Sometimes, when having an 𝐚𝐥𝐥𝐞𝐫𝐠𝐢𝐜 𝐫𝐞𝐚𝐜𝐭𝐢𝐨𝐧, it can become a more severe reaction.
The definition of 𝐀𝐧𝐚𝐩𝐡𝐲𝐥𝐚𝐱𝐢𝐬 is not uniform worldwide.
For you to have an idea, the WAO (𝘞𝘰𝘳𝘭𝘥 𝘈𝘭𝘭𝘦𝘳𝘨𝘺 𝘖𝘳𝘨𝘢𝘯𝘪𝘻𝘢𝘵𝘪𝘰𝘯), the WHO (𝘞𝘰𝘳𝘭𝘥 𝘏𝘦𝘢𝘭𝘵𝘩 𝘖𝘳𝘨𝘢𝘯𝘪𝘻𝘢𝘵𝘪𝘰𝘯), the AAAAI (𝘈𝘮𝘦𝘳𝘪𝘤𝘢𝘯 𝘈𝘤𝘢𝘥𝘦𝘮𝘺 𝘰𝘧 𝘈𝘭𝘭𝘦𝘳𝘨𝘺, 𝘈𝘴𝘵𝘩𝘮𝘢 𝘢𝘯𝘥 𝘐𝘮𝘮𝘶𝘯𝘰𝘭𝘰𝘨𝘺), the EAACI (𝘌𝘶𝘳𝘰𝘱𝘦𝘢𝘯 𝘈𝘤𝘢𝘥𝘦𝘮𝘺 𝘰𝘧 𝘈𝘭𝘭𝘦𝘳𝘨𝘺 𝘢𝘯𝘥 𝘊𝘭𝘪𝘯𝘪𝘤𝘢𝘭 𝘐𝘮𝘮𝘶𝘯𝘰𝘭𝘰𝘨𝘺) and the ASCIA (𝘈𝘶𝘴𝘵𝘳𝘢𝘭𝘢𝘴𝘪𝘢𝘯 𝘚𝘰𝘤𝘪𝘦𝘵𝘺 𝘰𝘧 𝘊𝘭𝘪𝘯𝘪𝘤𝘢𝘭 𝘐𝘮𝘮𝘶𝘯𝘰𝘭𝘰𝘨𝘺 𝘢𝘯𝘥 𝘈𝘭𝘭𝘦𝘳𝘨𝘺), all have slightly different definitions.
The one I like the most is actually the ASCIA one:
"𝘈 𝘳𝘢𝘱𝘪𝘥𝘭𝘺 𝘦𝘷𝘰𝘭𝘷𝘪𝘯𝘨, 𝘨𝘦𝘯𝘦𝘳𝘢𝘭𝘪𝘴𝘦𝘥 𝘮𝘶𝘭𝘵𝘪-𝘴𝘺𝘴𝘵𝘦𝘮 𝘳𝘦𝘢𝘤𝘵𝘪𝘰𝘯 𝘤𝘩𝘢𝘳𝘢𝘤𝘵𝘦𝘳𝘪𝘴𝘦𝘥 𝘣𝘺 𝘰𝘯𝘦 𝘰𝘳 𝘮𝘰𝘳𝘦 𝘴𝘺𝘮𝘱𝘵𝘰𝘮𝘴 𝘰𝘳 𝘴𝘪𝘨𝘯𝘴 𝘰𝘧 𝘳𝘦𝘴𝘱𝘪𝘳𝘢𝘵𝘰𝘳𝘺, 𝘤𝘢𝘳𝘥𝘪𝘰𝘷𝘢𝘴𝘤𝘶𝘭𝘢𝘳 𝘢𝘯𝘥 𝘰𝘵𝘩𝘦𝘳 𝘴𝘺𝘴𝘵𝘦𝘮𝘴 𝘴𝘶𝘤𝘩 𝘢𝘴 𝘵𝘩𝘦 𝘴𝘬𝘪𝘯 𝘢𝘯𝘥/𝘰𝘳 𝘎𝘐 𝘵𝘳𝘢𝘤𝘵."
Given this, how do we know it is 𝐀𝐧𝐚𝐩𝐡𝐲𝐥𝐚𝐱𝐢𝐬 or not
Have a look at the image above.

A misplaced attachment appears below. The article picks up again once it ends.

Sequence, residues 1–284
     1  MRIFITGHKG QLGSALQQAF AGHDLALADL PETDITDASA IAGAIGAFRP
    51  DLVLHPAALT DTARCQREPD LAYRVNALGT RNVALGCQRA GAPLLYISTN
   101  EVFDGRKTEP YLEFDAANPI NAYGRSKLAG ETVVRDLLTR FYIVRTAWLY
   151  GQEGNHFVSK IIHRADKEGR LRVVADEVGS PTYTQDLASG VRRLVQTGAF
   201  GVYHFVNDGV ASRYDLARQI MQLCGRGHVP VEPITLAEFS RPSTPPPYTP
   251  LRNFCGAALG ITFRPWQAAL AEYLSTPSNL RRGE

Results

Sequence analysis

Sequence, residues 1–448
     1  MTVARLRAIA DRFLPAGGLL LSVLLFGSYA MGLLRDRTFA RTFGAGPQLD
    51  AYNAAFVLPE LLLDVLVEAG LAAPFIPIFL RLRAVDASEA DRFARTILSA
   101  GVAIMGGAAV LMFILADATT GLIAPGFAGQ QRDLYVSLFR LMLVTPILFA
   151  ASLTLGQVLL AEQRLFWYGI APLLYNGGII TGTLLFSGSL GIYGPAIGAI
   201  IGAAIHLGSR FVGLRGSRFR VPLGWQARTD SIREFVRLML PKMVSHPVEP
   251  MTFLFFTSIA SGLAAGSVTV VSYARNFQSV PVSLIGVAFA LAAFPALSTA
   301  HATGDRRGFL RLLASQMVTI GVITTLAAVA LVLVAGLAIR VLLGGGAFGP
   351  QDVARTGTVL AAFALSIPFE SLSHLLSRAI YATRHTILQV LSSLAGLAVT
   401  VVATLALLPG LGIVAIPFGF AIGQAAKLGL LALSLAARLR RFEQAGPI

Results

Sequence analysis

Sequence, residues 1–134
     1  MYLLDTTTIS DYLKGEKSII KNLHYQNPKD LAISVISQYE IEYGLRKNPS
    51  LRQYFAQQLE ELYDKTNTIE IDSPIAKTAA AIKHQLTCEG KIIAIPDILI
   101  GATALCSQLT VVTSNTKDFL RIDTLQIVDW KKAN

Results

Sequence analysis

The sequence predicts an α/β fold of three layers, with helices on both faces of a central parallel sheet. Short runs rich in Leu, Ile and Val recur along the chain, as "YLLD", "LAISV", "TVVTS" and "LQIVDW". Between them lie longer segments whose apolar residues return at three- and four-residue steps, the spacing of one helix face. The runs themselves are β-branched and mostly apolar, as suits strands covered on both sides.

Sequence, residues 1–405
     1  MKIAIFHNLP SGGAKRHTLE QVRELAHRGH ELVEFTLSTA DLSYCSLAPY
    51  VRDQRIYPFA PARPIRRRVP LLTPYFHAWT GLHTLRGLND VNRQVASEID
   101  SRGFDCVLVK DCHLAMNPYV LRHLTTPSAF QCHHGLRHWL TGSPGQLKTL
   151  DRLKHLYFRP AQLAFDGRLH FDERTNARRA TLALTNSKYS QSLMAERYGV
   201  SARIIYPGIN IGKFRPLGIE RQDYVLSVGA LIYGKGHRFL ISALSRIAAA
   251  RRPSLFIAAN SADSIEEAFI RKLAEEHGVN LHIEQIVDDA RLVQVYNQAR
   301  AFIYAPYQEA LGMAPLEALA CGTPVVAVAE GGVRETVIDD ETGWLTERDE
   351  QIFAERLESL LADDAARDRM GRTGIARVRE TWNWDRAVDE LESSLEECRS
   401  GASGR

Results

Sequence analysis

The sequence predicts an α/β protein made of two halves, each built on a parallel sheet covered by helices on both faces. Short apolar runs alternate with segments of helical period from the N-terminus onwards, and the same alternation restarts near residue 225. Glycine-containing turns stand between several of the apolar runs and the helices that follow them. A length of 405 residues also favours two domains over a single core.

What to do if you think you, or your child, are having an anaphylactic reaction?
It is important to know that 𝐀𝐧𝐚𝐩𝐡𝐲𝐥𝐚𝐱𝐢𝐬 is a 𝐫𝐚𝐫𝐞 𝐞𝐯𝐞𝐧𝐭, and most times, it 𝐃𝐎𝐄𝐒 𝐍𝐎𝐓 𝐥𝐞𝐚𝐝 𝐭𝐨 𝐝𝐞𝐚𝐭𝐡.
In fact, recently published research said there had been a significant increase in hospital admissions with Anaphylaxis, but a decrease in deaths.
This seems like a contradiction, but it is not.
Why is that?
I will put my hands down, and agree with whoever tells me what is done, is still not enough.
The bottom line is:
Recent publication showed there are significant peanut proteins in household dust.
But what is the relevance of this study, and how does it apply to the development of allergies?
The best course of action to deal with eczema, and potentially prevent the development of allergies, should be:
(In due course, I will publish more information regarding eczema and the best way to take care of it.)
(Main article – “Mass spectrometry confirmation that clinically important peanut protein allergens are in household dust”; Helen A. Brough, Elizabeth Naomi Clare Mills, Kerry Richards, Gideon Lack, Philip E. Johnson; 04 October 2019)
Dr Costa is a Consultant Paediatrician and fellow of the Royal College of Paediatrics and Child Health.